Archive for the ‘Language’ Category

I read with uncanny interest about a “Integration and Roti Prata” forum rebuttal published in the Straits Times (28 Jul 2012) by Mr Gorain Jagadish on Mr Asad Latif ‘s “Confession of a former foreign misfit” (ST, 13 Jul).

In Asad’s article, he found “Roti prata was an unbearable tautology because prata is a kind of roti”.    (a needless repetition of the same sense in different words; redundancy – online free dictionary)

Both Mr Asad and Gorain asserted that roti also means bread in their language – Malay and Indian.

It is good that you read both article to better appreciate their interpretations of integration and misfits.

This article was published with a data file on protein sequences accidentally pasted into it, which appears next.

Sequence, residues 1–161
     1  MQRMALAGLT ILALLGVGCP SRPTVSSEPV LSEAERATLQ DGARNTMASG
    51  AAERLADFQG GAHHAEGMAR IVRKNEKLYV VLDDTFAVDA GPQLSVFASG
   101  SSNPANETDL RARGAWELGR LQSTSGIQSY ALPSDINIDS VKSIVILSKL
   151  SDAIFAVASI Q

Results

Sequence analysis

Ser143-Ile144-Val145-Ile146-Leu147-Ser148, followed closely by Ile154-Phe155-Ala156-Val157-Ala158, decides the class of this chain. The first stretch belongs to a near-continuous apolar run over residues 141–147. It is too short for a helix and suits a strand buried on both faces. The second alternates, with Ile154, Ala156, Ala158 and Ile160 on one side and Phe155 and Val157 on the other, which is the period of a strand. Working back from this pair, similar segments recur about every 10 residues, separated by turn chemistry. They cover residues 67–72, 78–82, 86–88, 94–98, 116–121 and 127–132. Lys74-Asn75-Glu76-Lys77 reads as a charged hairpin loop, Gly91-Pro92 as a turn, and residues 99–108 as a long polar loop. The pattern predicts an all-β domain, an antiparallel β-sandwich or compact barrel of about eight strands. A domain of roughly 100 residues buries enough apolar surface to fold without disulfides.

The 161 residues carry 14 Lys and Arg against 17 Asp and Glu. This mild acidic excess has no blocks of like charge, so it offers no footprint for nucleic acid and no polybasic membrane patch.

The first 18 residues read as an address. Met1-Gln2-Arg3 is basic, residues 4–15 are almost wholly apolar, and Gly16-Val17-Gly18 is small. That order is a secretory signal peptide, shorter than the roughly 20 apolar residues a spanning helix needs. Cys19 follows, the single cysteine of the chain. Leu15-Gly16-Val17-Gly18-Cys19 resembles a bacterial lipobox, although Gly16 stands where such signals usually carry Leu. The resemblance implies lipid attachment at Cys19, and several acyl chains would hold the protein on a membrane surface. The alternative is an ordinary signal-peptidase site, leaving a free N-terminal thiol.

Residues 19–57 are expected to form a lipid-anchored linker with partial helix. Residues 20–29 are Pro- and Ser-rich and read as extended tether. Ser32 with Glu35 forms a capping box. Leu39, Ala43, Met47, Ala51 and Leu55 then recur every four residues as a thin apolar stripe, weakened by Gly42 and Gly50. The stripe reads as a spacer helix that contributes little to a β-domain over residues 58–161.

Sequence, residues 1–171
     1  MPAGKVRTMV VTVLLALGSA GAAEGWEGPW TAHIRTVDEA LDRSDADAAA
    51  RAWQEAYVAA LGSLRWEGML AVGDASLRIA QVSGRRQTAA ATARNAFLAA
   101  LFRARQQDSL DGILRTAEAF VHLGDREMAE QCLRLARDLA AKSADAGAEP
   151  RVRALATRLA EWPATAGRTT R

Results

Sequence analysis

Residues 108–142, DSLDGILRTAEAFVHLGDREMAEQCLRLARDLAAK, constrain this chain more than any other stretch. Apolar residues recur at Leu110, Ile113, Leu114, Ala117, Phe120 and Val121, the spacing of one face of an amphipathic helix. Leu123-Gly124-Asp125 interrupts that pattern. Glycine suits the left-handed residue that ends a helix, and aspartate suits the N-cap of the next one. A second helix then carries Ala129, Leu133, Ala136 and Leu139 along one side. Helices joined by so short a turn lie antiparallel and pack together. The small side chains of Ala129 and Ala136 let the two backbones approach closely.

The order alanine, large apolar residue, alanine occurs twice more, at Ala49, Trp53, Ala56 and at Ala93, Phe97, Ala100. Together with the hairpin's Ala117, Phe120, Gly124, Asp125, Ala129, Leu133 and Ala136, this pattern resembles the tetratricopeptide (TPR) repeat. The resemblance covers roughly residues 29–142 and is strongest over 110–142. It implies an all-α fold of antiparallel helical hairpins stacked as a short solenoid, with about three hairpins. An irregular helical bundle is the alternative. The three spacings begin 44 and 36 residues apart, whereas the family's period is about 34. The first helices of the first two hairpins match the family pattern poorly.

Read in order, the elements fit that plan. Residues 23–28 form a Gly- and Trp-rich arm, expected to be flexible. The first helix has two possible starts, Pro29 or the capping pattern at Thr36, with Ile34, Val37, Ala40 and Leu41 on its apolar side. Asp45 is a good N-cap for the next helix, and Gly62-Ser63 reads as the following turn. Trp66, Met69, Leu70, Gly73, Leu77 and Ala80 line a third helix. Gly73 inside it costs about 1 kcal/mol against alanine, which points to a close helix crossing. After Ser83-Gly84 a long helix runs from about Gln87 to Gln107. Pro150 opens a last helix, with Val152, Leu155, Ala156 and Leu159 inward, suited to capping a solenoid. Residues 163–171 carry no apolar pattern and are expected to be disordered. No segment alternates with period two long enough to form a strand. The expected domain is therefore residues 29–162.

Here I like to give you a Chinese perspective why Roti Prata is used together by telling a simple story:

Mei Lan ( a typical Chinese lady name), back in the 60’s era went to market and overheard a conversation between a local Malay customer and an immigrant Indian “Roti Prata” hawker.  The Malay customer pointed at the Roti Prata and said he wanted “Roti” but the Indian hawker proudly and categorically emphasized  that it is called “Prata”.

A short distance away, Mei Lan came across another “roti prata” stall. This time it was a Malay hawker seller who emphasized the word “roti” over the prata and even rolled his tongue to associate both terms.

The Chinese lady, Mei Lan, realised that to simply get the message across when buying the prata or roti is to use the term “Roti Prata” that all can understand and without much hassles or undermining of their heritage cuisine whether localised or imported.